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Kansong Art and Culture Foundation to tokenize national treasure as NFT

If tokenized, it will make history as the first Korean NFT cultural artifact

National Treasure No. 70, “Hunminjeongeum Haerye” (Kansong Art and Culture Foundation)
National Treasure No. 70, “Hunminjeongeum Haerye” (Kansong Art and Culture Foundation)


Kansong Art and Culture Foundation plans to tokenize Hunminjeongeum Haerye, National Treasure No. 70, in an effort to raise funds to operate the foundation.

If realized as an NFT, the book will become the first national treasure to be traded on a blockchain platform. The 33-page book from the Joseon era details the promulgation of Hangeul, the Korean writing system, and usages of the letters.


 
National Treasure No. 70, “Hunminjeongeum Haerye” (Publish)
National Treasure No. 70, “Hunminjeongeum Haerye” (Publish)

An NFT, or nonfungible token, is a unit of data on the blockchain that represents ownership of a unique digital item such as a sound file, text or image.

“It is a breakthrough for the foundation that has run the museum with debt. We thought it would be much better than selling cultural properties at auctions like we attempted last year,” said Baik In-san, the chief curator of the foundation. “The foundation had no other business model besides hosting exhibitions. Profits from exhibitions are not enough to run the museum.”

The Kansong Art and Culture Foundation runs the Kansong Art Museum, the country‘s first private museum, founded in 1938.

The foundation plans to create 100 NFTs of the national treasure, which will be priced at 100 million won ($87,000) each. Each NFT will be given an identification number from 1 to 100. The NFT project is being carried out in collaboration with blockchain company Publish, according to the foundation.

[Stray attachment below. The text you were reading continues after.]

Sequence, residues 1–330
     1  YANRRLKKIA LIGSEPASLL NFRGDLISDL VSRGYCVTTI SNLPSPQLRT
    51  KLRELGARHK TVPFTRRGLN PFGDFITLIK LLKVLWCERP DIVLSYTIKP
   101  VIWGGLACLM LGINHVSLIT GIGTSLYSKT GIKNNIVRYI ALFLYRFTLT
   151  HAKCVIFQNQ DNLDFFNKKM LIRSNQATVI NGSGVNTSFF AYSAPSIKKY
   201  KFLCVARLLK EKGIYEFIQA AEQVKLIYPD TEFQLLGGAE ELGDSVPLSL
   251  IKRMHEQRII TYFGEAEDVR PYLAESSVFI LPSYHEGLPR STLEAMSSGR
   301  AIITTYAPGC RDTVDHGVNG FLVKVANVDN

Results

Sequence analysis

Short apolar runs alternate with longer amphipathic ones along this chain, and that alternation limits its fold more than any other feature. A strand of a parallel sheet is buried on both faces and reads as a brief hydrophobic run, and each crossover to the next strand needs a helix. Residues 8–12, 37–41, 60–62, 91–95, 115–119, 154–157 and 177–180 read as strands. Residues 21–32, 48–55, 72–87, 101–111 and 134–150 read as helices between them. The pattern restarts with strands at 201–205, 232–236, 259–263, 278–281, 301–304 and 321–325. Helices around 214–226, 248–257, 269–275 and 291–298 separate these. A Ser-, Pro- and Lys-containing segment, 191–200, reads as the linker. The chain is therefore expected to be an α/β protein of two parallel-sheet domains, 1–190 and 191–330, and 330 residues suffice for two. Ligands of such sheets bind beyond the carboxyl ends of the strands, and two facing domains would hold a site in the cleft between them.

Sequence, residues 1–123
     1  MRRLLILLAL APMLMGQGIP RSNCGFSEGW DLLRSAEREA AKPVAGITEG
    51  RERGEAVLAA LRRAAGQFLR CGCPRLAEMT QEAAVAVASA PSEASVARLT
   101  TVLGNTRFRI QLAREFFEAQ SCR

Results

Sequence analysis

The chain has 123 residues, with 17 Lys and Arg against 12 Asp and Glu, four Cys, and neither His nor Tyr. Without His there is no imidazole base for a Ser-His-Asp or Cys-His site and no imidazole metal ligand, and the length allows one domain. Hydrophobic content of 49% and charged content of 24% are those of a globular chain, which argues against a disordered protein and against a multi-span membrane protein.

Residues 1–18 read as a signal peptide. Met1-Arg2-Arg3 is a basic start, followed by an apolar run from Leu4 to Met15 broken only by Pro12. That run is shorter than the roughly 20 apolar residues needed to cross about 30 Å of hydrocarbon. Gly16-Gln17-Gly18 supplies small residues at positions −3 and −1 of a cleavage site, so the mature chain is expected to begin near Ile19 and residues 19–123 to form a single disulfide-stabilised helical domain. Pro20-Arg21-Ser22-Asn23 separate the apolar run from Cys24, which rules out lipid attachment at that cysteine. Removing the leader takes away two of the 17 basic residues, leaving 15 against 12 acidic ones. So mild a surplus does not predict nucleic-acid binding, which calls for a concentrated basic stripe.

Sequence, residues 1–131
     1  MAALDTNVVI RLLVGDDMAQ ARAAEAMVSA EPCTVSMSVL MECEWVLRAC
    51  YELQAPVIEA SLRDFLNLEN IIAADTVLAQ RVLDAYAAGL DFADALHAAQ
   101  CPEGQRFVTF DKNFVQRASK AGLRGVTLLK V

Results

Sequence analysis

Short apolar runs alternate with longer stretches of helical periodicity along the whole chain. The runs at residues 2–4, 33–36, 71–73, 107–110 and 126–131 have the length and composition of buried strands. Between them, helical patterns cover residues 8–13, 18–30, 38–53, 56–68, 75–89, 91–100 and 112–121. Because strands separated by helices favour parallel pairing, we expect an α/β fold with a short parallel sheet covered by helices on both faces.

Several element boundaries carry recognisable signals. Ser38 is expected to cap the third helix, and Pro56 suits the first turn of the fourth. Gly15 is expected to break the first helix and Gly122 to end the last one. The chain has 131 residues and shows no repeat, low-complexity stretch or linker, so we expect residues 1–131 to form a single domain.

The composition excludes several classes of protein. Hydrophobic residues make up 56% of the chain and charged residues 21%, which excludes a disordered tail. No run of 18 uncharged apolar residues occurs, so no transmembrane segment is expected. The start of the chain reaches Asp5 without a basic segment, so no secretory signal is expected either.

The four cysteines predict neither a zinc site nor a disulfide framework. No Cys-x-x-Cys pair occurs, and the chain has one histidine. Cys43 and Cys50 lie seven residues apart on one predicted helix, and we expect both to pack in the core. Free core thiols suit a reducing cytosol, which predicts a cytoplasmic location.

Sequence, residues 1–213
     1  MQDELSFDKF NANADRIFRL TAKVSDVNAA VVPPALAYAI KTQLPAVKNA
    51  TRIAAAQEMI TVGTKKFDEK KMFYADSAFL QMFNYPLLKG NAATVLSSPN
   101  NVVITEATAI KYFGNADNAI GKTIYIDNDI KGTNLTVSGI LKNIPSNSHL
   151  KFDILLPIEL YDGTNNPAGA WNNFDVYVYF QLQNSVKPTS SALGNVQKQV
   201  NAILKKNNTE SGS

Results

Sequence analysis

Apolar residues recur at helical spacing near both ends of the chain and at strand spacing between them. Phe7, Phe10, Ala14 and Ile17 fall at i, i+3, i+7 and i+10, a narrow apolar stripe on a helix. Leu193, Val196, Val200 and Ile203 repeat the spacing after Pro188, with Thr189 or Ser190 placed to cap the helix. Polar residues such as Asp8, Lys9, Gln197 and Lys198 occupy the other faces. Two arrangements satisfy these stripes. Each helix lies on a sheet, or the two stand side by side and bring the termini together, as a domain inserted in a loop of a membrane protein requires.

“The image of Hunminjeongeum Haerye will be minted using the Ethereum blockchain. We have started accepting bookings,” Publish Director Jaden Yu told The Korea Herald.

Last year, the debt-laden foundation put to auction two state-designated treasures -- Treasure No. 284, a gilt-bronze standing Buddha, and Treasure No. 285, a gilt-bronze standing bodhisattva. It came as a shock to the art industry to learn that the museum had long been struggling financially.

When the two national treasures failed to find new owners at the auction, the National Museum of Korea purchased them.

"Some people would be skeptical about tokenizing cultural heritage as an NFT product. But we will consider it as support and donation to the foundation,” Baik added.

While the foundation said that it has been in contact with the Cultural Heritage Administration, the state administrative body in charge of managing the national cultural heritage struck a cautious note about the NFT project.

“We have not heard any details about the NFT business that the museum is planning. We will need to examine whether it is in compliance with the law,” said an official from the CHA. 


National Treasure No. 70, “Hunminjeongeum Haerye” (Publish)
National Treasure No. 70, “Hunminjeongeum Haerye” (Publish)

Hunminjeongeum Haerye was designated as National Treasure No. 70 after the museum’s founder, Kansong Jeon Hyeong-pil found the book in the 1940s in an old house in Andong, North Gyeongsang Province, according to the CHA. Also designated as a Memory of the World by UNESCO, the copy is a priceless piece of cultural heritage that shows why King Sejong of Joseon created the Korean writing system for the people.

The founder of the Kansong Art Museum helped protect Korean cultural properties during the Japanese colonial era by collecting them to prevent them from being removed from the country.Currently run by the founder’s grandson, the museum is undergoing remodeling with a government-backed 4.4 billion-won storage facility. The museum is expected to reopen in 2023. The foundation owns nearly 5,000 artifacts, including 12 national treasures.

By Park Yuna (yunapark@heraldcorp.com)
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